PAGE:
National vs Labour: Health Policy Review

Because I’ll be working on election day, I decided to cast my vote early. The whole process got me thinking that there really hasn’t been much media coverage or scrutiny of the health policies of National or Labour. With that in mind I’ve decided to give it a go:


Labour’s election health policies are lot more broadly targeted and focussed than National’s and include pledges to improve overall health performance rather than list specific sectors where effort will be focussed. The promise of free primary health care for children under six and free dental care for pregnant women may be a big incentive for lower-middle income families, although they are likely to vote for Labour anyway so the impact may be minimal.

  • Free primary health care 24/7 for children under six
  • Free dental care for pregnant women by 2014
  • Greater focus on preventative health care which will recieve the greatest share of funding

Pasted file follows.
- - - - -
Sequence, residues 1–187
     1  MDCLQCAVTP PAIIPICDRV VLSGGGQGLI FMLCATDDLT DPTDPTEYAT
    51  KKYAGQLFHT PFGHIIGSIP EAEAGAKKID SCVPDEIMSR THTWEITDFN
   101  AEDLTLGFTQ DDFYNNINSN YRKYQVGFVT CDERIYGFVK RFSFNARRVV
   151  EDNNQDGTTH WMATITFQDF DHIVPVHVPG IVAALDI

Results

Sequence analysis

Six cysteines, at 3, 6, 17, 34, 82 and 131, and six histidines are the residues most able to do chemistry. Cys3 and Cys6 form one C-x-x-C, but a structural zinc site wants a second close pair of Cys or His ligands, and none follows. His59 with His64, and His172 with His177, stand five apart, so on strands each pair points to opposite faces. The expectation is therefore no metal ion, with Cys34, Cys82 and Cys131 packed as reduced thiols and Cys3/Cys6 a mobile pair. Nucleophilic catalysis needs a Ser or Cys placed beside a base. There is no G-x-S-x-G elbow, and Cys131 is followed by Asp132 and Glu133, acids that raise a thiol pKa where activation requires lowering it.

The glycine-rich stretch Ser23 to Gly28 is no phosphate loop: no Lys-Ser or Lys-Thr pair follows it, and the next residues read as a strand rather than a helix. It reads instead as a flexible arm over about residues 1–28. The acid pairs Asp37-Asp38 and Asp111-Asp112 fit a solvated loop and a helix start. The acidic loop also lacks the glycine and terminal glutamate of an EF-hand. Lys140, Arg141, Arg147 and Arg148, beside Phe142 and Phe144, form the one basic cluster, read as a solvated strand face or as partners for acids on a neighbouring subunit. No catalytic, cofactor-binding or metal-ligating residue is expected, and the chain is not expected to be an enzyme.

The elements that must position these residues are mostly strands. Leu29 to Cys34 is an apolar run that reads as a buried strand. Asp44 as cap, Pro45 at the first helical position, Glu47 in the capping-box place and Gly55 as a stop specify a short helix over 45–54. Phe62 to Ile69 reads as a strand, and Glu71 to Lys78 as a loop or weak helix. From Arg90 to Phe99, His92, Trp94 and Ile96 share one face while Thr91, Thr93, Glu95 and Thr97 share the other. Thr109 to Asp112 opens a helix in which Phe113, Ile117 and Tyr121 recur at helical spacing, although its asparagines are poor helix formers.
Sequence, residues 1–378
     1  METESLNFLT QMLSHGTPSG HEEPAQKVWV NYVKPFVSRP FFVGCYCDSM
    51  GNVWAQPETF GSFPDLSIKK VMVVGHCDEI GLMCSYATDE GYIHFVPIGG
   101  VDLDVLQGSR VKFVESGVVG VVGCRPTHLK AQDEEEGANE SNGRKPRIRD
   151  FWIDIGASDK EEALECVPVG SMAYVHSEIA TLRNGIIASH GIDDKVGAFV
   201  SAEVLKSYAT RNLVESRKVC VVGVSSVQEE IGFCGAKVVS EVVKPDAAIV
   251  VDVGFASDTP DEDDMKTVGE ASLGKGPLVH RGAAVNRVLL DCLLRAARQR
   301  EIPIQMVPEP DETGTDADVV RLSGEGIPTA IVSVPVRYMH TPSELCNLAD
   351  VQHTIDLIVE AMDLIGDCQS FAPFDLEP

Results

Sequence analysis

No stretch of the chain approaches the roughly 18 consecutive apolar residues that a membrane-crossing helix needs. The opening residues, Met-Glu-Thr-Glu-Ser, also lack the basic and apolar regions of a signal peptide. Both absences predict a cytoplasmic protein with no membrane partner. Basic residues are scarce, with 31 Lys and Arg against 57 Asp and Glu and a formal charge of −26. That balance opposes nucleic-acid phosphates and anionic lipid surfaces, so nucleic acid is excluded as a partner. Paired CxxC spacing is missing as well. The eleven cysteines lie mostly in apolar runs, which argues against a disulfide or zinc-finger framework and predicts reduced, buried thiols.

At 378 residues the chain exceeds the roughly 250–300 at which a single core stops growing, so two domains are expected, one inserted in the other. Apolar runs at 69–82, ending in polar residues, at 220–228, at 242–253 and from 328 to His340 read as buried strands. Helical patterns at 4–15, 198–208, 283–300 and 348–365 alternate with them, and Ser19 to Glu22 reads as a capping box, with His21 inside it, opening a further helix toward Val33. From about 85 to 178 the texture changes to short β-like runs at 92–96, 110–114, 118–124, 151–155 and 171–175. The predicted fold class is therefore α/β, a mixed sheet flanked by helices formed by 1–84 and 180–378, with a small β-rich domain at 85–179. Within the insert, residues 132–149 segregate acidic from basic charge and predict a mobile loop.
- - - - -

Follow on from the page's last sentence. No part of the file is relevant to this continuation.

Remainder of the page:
• GST off fruit and vegetables
  • Pledge that all core government will have health impact assessments (more here)
  • Labour will not privatise ACC and will reverse any privatisation of any part of ACC that occurs before the election

National’s health plan has been constructed far more specifically than Labour’s and includes a variety of targets to reach. While National has had success in meeting their election health targets from the last election, this latest batch are both costly and ambitious especially in this economic cliamte. This aside, voters may respond well to the how the pledges have been crafted to be targeted and specific, though the side-show distractions like ‘Tea-gate’ have meant that health has been push to the wayside.

  • Maximum wait for elective surgery to be reduced from six months to four by 2014
  • Increase the number of people getting elective surgery by at least 4,000 a year (more here)
  • Cancer chemotherapy within four weeks of referral
  • Free after-hours primary care for children under six (more here)
  • Increase the training places for medical school students to 200 extra places by 2013
  • Every district health board to have a dedicated stroke unit
  • Roll out a $12 million nationwide rheumatic fever programme targeting vulnerable communities (more here)



4 thoughts on “National vs Labour: Health Policy Review

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